“Traditional food” can also refer to the types of foods that humans have been consuming for thousands of years, prior to the advent of modern industrial agriculture and food processing methods. This could include foods such as fruits, vegetables, nuts, seeds, grains, and wild game, which were the primary sources of sustenance for our ancestors.
In this context, the “Paleo” or “ancestral” diet is sometimes referred to as an approach to eating that prioritizes nutrient-dense, minimally processed foods over highly refined and artificially-processed products, with traditional food often being associated with it.
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Traditional Food in Chinese Culture
Type of Courses
A Chinese dinner is divided into two parts: staple food (often rice, noodles, or steamed buns) and ts’ai (vegetable and meat dishes). (This is different from Western dinners, which take meat or animal protein as main dish). Chopsticks (for solid foods) and a ceramic spoon (for soups and congees) are the principal dining tools.
The first course of a traditional Chinese banquet is cold foods. Cold foods are frequently prepared with salt, sugar, chili powder, light soy sauce, vinegar, and sesame oil. Cold dishes place a high value on the design of the dish, which is the “shape” of the dish. Normally, a cold meal might pique people’s interest.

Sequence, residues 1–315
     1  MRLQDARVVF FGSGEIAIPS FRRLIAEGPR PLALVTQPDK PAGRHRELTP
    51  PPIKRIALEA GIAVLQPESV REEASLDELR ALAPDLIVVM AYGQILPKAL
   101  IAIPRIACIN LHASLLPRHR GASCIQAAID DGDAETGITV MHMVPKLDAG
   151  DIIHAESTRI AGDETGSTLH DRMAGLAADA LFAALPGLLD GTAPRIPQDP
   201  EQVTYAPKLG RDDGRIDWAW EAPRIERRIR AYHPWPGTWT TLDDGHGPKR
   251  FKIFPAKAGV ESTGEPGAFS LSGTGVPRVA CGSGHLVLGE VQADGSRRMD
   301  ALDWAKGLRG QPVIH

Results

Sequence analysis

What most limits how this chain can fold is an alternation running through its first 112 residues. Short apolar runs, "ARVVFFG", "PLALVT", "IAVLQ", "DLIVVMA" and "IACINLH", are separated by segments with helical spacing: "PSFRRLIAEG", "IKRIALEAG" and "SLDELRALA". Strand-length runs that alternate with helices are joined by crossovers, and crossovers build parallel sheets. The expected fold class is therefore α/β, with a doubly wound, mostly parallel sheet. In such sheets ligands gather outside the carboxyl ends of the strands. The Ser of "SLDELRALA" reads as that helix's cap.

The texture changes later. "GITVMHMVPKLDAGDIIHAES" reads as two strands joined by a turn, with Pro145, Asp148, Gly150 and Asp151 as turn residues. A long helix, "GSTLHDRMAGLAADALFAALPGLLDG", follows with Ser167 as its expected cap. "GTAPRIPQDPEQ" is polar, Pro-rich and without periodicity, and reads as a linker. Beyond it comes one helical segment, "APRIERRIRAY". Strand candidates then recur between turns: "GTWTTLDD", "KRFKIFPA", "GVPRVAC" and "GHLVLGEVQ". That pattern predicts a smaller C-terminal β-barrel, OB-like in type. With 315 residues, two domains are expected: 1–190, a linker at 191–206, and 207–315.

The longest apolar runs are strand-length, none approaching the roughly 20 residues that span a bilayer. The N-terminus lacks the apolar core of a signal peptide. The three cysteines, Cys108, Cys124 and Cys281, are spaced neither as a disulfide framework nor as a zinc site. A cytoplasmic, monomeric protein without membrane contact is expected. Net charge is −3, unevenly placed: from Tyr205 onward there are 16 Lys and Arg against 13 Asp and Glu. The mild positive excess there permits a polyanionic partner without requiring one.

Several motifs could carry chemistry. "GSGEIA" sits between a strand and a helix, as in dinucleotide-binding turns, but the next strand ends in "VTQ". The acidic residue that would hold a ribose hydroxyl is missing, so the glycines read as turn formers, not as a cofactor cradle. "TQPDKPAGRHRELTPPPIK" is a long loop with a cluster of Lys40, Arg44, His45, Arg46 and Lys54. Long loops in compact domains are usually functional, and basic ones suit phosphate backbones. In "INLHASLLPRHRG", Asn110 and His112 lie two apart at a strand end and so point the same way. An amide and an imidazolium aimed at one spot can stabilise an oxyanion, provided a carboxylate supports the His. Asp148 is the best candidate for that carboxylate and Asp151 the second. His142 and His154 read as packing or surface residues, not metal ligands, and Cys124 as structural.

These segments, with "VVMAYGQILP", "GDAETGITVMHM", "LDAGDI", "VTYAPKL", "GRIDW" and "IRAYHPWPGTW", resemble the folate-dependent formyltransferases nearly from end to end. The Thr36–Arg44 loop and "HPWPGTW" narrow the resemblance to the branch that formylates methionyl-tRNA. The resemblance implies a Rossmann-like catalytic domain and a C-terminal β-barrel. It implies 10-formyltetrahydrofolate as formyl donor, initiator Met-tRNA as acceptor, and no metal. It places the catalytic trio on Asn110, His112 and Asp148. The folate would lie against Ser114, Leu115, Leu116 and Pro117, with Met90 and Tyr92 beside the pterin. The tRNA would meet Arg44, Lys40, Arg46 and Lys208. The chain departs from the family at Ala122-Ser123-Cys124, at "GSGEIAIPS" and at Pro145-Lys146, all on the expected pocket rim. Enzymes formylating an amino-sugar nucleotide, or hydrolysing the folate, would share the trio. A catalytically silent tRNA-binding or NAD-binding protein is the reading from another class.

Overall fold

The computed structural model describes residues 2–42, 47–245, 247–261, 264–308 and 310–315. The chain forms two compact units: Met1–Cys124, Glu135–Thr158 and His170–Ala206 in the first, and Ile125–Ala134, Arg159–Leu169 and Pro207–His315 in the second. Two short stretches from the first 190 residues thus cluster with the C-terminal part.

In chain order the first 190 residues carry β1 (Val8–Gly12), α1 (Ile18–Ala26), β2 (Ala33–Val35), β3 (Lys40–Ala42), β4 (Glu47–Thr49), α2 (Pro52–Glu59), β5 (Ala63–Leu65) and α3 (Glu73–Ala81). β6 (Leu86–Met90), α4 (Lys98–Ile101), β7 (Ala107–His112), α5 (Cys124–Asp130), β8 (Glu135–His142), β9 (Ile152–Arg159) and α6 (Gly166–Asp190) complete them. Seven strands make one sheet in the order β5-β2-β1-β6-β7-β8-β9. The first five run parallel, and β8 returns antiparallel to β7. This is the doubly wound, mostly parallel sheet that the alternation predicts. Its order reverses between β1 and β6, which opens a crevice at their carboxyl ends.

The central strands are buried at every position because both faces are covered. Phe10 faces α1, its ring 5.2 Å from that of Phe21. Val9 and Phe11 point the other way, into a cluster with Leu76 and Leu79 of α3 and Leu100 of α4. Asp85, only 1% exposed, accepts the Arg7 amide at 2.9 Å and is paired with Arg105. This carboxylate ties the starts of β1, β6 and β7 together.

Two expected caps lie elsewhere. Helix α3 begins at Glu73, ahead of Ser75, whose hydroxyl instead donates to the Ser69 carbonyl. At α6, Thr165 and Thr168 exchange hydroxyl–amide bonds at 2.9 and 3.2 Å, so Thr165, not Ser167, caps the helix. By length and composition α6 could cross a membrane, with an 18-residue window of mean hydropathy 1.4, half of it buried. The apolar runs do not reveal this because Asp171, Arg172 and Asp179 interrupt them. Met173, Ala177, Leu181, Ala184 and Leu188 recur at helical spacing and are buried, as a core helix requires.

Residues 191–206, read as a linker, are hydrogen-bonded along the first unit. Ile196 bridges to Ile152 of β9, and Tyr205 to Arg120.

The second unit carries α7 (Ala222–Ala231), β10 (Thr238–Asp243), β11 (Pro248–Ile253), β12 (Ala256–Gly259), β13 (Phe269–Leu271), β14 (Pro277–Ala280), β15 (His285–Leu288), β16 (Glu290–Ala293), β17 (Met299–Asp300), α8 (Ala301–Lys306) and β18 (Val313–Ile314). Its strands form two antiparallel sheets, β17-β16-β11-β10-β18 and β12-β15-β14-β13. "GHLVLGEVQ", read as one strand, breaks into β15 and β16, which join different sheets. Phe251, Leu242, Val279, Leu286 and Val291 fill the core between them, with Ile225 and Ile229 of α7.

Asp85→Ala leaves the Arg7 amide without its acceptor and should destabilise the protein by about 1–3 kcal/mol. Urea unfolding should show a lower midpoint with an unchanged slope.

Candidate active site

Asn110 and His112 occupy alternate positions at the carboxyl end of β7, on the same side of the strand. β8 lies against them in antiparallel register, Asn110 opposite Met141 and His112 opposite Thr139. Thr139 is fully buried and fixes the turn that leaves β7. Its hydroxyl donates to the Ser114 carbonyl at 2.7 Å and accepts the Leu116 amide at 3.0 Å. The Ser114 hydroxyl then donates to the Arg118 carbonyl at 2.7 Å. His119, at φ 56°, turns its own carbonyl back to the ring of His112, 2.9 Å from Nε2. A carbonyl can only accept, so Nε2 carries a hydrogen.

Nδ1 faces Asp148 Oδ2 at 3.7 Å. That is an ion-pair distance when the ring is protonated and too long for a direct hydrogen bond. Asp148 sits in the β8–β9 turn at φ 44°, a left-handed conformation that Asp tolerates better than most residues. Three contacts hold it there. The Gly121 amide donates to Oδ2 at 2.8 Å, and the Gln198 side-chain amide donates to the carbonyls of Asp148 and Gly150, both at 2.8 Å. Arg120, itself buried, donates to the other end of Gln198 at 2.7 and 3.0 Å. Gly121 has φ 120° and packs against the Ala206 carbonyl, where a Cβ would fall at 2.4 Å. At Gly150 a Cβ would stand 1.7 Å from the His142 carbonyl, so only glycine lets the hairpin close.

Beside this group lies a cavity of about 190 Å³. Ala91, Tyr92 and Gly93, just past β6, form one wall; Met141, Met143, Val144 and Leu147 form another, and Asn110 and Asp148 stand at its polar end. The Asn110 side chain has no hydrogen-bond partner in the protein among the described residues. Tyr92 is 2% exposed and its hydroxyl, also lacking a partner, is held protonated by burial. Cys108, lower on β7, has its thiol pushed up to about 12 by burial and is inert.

001. Hot Dishes
When compared to cold dishes, hot dishes are a notion. Main course is sometimes known as a hot dish. Stir-frying, deep-frying, Liu, quick-frying, Hui, and other techniques are commonly used to prepare hot foods.
002. Soups and Congees
Instead of using milk or cream to thicken the soup, Chinese soups use refined starches derived from corn. There are also light soups that do not contain starches. Soups typically contain vegetables and meat, such as pig or chicken.
003. Staple Food and Xioachi
Xiaochi are Chinese appetizers. They are frequently sold in roadside shops or tiny restaurants. Normally, one stand sells only one type of snack. A light lunch that is frequently self-contained and portable is Xiaochi. Xiaochi vary according to area. They are quite popular with both visitors and locals.
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Philosophical Thinking in Chinese Food Culture
Yin-Yang and the Five Elements: Yin and Yang are complimentary components of all phenomena. Understanding the principles of Yin and Yang, as well as the five elements classification system, is essential when it comes to Chinese food. By knowing which foods promote Yin or Yang in the body, you can achieve a balanced and healthy diet. Neutral food is a type of human body equilibrium. Only Yin and Yang in the human body maintain a balanced state.